Your home is your castle. A place of refuge after a long day’s work and where you’ve made countless memories with friends and family. But there comes a time in many of our lives when selling our Wisconsin home is necessary.

Perhaps the kids have moved out and it’s time to downsize, or you’ve outgrown your first starter home and are looking to expand your family. No matter the reasons, selling a house is a complicated process in Wisconsin with numerous legal and other considerations to contend with.

For most Wisconsin residents, their home is the largest financial asset they have. Not to mention it often holds a certain amount of sentimentality, from pleasant memories to the hard work you put into remodeling the kitchen.

Because of this, selling a house in Wisconsin isn’t always as easy as a simple transaction. Given the size of the deal, it’s ok to be hyper-cautious about making sure it’s done right, and in a way that benefits you and your family the most.

While the process of selling a house in Wisconsin is similar to that in other states, Wisconsin does have its own unique local practices and real estate laws to contend with. Making yourself familiar with this process early on in the stages of selling your home can help you avoid major headaches and problems down the line.

This guide will walk you through the ins and outs of selling a house in Wisconsin, making sure you don’t get hit with any major surprises along the way. From working with a listing agent to legally required disclosures, we’ve got you covered.

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Best Time of Year to Sell a Wisconsin Home


When it comes to selling a house in Wisconsin, timing matters. But it’s not just the month or season you need to take into consideration. Certain property types sell better at differing times of the year, and homes (on average) may sell faster or slower, or even at a higher closing rate during particular months.

They say location is everything in real estate, but when it comes to selling a home, so is timing. For example, listing a home in mid-winter when movers and buyers have to deal with bad roads for traveling and snowdrifts isn’t a very good plan.

Although the average time on the market for homes selling in Wisconsin hovers around 68 days from the date listed to the date the transaction is closed, this statistic does fluctuate throughout the year for a number of varying reasons

Wisconsin has a very clearly defined real estate cycle, with property prices both rising and falling like clockwork. Using actual real estate transaction data we can clearly chart the best time to sell your property in Wisconsin based on your goals. This makes planning to sell a home in Wisconsin an easier task.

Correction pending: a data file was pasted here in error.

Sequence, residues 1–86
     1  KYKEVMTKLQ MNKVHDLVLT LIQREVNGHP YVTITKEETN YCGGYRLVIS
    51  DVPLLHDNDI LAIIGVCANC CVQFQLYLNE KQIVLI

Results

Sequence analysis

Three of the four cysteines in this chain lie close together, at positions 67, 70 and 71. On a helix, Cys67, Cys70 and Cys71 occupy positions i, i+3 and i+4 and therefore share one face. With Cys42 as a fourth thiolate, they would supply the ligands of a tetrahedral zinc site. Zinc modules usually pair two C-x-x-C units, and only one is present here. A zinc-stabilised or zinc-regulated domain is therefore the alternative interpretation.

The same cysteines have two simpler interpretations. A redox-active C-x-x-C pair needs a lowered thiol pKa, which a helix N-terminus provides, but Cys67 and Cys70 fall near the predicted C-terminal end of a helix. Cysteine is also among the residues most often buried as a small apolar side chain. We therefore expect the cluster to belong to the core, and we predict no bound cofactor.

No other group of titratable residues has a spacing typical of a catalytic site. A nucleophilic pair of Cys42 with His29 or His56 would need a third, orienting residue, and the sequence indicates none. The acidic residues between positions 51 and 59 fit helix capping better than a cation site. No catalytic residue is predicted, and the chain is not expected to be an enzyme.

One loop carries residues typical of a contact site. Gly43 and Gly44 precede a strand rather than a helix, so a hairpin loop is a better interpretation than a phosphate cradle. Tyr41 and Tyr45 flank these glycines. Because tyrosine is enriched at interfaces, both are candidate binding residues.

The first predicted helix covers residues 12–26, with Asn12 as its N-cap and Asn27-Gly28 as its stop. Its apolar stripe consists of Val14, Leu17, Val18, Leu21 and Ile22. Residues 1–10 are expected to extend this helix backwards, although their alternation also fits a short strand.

For example, selling a home in June can result in upwards of a 14.29% higher closing sales price on your home, while selling in January might cost you a negative 14.01% lower than average sale.

Best Time of the Year to Sell for a Profit

Months Homes Sold at Above Average Prices (in order of highest to lowest):

  • June
  • May’
  • July
  • August
  • October
  • December

Months Homes Sold at Below Average Prices (in order of lowest to highest):

  • January
  • February
  • March
  • September
  • November
  • April

PRO TIP: Remember, these figures are based on the moth the homes closed/sold in, NOT when they were listed. Depending on your local market, homes across WI on average sit on the market for around 68 days. However, this number can go as low as 30 and as high as 120 days. So plan accordingly.

Best Time of the Year to Sell FAST

Money isn’t always the primary motivator for selling a home. Life circumstances often dictate that you need to sell your home fast. Looking at actual data we can uncover which months are the best months to sell your home quickly in WI.

Selling your home fast is especially important for many Wisconsin home sellers. Job transfers, a death in the family, changing needs and other major life events may require you to move quickly. But oftentimes the one thing holding you back is the sale of your existing home (likely so you can purchase another).

For example, those homes closed in February were on the market an average of almost 19 days longer than average, while those closed in June were on the market for an average of 7.5 days less on average. If moving FAST is a top priority, June is the top month to “close” (not list) your home for sale.

Months Homes Closed Faster Than Average (in order of fastest to slowest):

  • June
  • July
  • August
  • October
  • November
  • September
  • May

Months Homes Sold Slower Than Average (in order of slowest to fastest):

  • February
  • January
  • March
  • December
  • April